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As the seven-day Chicago teachers strike ends, local teachers and education advocacy groups say there are lessons to gain from their Midwestern peers that coincide with what’s happening with teachers both in Fairfax County and across the nation.

Chicago public school teachers began the strike in response to several workplace issues including teacher out-of-the-classroom labor loads, purchasing of school supplies and classroom sizes. The strike also highlighted changes to teacher evaluation criteria that would put additional emphasis on student performance on standardized test scores, which is part of the No Child Left Behind waiver requirements received by states such as Illinois and Virginia.

The strike in the U.S.’s third-largest school district affected about 350,000 students, according to the Chicago Tribune. A vote to end the strike took place Tuesday.

In Fairfax County Public Schools, the nation’s 11th-largest district, teachers also are concerned about the role student performance measures will play in evaluations. Teachers heading back to the classroom after summer break were trained on the new system just before classes began Sept. 4.

“There’s definitely the opportunity for teachers to assess students and see progress, but we do that all the time,” Mosby Woods Elementary School Librarian Kimberly Adams said. “They’re just asking us to pick one goal … and that’s the only goal that makes it to your evaluation.”

The Virginia Department of Education has applauded the No Child Left Behind waiver, saying it allows public schools and school systems to get away from “arbitrary” and “unrealistic” student performance benchmarks created under the law. However, as part of the waiver requirement, the state had to create a plan that would generate accountability measures for teachers.

Fairfax Education Association President Michael Hairston served on a state panel, which drafted waiver requirements. Before the panel discussions began, Hairston said state officials made it clear student performance measures would dominate teacher evaluations under the new standards.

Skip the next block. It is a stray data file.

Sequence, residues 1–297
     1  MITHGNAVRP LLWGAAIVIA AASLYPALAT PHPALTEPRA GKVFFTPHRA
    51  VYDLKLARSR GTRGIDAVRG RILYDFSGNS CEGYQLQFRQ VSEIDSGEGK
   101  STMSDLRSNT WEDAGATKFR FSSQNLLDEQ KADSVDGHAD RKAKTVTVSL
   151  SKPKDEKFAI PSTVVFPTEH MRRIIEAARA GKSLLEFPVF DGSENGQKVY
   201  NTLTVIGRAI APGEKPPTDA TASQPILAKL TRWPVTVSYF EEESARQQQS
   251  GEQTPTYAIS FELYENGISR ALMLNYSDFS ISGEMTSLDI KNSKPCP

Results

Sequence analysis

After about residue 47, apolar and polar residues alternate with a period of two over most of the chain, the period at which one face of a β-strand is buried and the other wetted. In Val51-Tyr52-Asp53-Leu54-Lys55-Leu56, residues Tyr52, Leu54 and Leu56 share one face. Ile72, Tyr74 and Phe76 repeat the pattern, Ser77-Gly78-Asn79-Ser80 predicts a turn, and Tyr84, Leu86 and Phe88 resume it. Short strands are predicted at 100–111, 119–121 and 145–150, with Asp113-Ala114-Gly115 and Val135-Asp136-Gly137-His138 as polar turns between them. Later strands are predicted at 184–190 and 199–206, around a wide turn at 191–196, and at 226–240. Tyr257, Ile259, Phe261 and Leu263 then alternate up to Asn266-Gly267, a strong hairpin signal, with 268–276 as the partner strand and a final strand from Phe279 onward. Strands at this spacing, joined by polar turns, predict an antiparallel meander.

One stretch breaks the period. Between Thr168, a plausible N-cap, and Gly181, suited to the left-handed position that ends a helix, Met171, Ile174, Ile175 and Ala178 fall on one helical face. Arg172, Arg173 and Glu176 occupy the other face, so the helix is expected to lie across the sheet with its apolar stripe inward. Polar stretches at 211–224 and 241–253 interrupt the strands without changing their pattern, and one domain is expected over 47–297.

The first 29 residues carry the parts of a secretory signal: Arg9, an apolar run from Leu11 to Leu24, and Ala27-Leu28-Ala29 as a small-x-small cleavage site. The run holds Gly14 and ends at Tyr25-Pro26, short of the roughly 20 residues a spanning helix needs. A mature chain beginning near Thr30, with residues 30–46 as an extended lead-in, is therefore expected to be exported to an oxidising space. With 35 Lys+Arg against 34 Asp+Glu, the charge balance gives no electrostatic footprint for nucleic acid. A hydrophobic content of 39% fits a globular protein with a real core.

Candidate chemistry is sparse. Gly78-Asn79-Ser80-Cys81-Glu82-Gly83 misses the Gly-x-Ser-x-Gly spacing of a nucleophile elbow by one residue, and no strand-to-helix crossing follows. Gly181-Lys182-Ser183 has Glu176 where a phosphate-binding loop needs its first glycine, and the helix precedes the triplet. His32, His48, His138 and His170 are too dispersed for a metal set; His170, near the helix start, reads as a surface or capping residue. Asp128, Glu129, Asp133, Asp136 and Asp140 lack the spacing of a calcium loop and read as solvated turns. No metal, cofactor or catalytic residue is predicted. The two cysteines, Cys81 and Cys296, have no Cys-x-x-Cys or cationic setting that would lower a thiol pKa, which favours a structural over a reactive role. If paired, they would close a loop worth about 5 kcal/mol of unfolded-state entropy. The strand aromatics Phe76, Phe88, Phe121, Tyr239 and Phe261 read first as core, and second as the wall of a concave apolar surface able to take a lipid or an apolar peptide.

“I would say the bar is much higher with the new instrument than it was under the old instrument,” Hairston said. “Forty percent of a teacher’s evaluation will be tied to the students’ achievement and we thought it would be better at closer to 20 percent.”

The new evaluation system includes seven measures focused on professionalism and planning, but the greatest weight is given to student academic progress, according to the state. Depending on the school, educators said, teachers are asked to create one or more “smart goals” that will measure student performance in their classroom.

Fairfax County Federation of Teacher’s President Steve Greenburg said the new evaluation system has brought up a lot of questions and concerns, specifically about implementation and fairness, because the new system was put into place in July.

“One of the problems with the teacher evaluation process in Fairfax County is the timeline,” he said. “We were put on a timeline where we had to rewrite the teacher evaluation process and have that in place by July. …We did not have time to discuss — in implementation terms —workloads. When are the principals supposed to do these evaluations?

“The busiest time of the school year is the first two months. And [that’s when] the principals are having to sit down with teachers and ask what their smart goals are.”

Longtime county teacher Barry Weinstein, a traveling art instructor at three elementary schools, said the time crunch is a real concern as the trend in teacher workloads has already balanced in favor of out-of-classroom activities rather than teaching.

“With the teacher evaluation — I’ve been through many iterations of this before,” Weinstein said. “I think this one is different. It started off very quickly and it’s got some of the things that are typical in getting it wrong. … it’s very confusing. We weren’t even told how many goals we need. Some principals say three, some say one. I sort of see these inequities in changing variables for certain employees.”

Weinstein’s questions on the new system focus on how a teacher knows whether his or her goals are appropriate, how outcomes are measured and the level of additional work created by the new system.

Although the Chicago teachers’ strike is over, it might generate a better conversation about the new evaluation system nationwide.

“Time is still going to be an issue because this is going to be an extra thing for teachers to do, … I’m being cautious to see how the process works out,” Hairston said.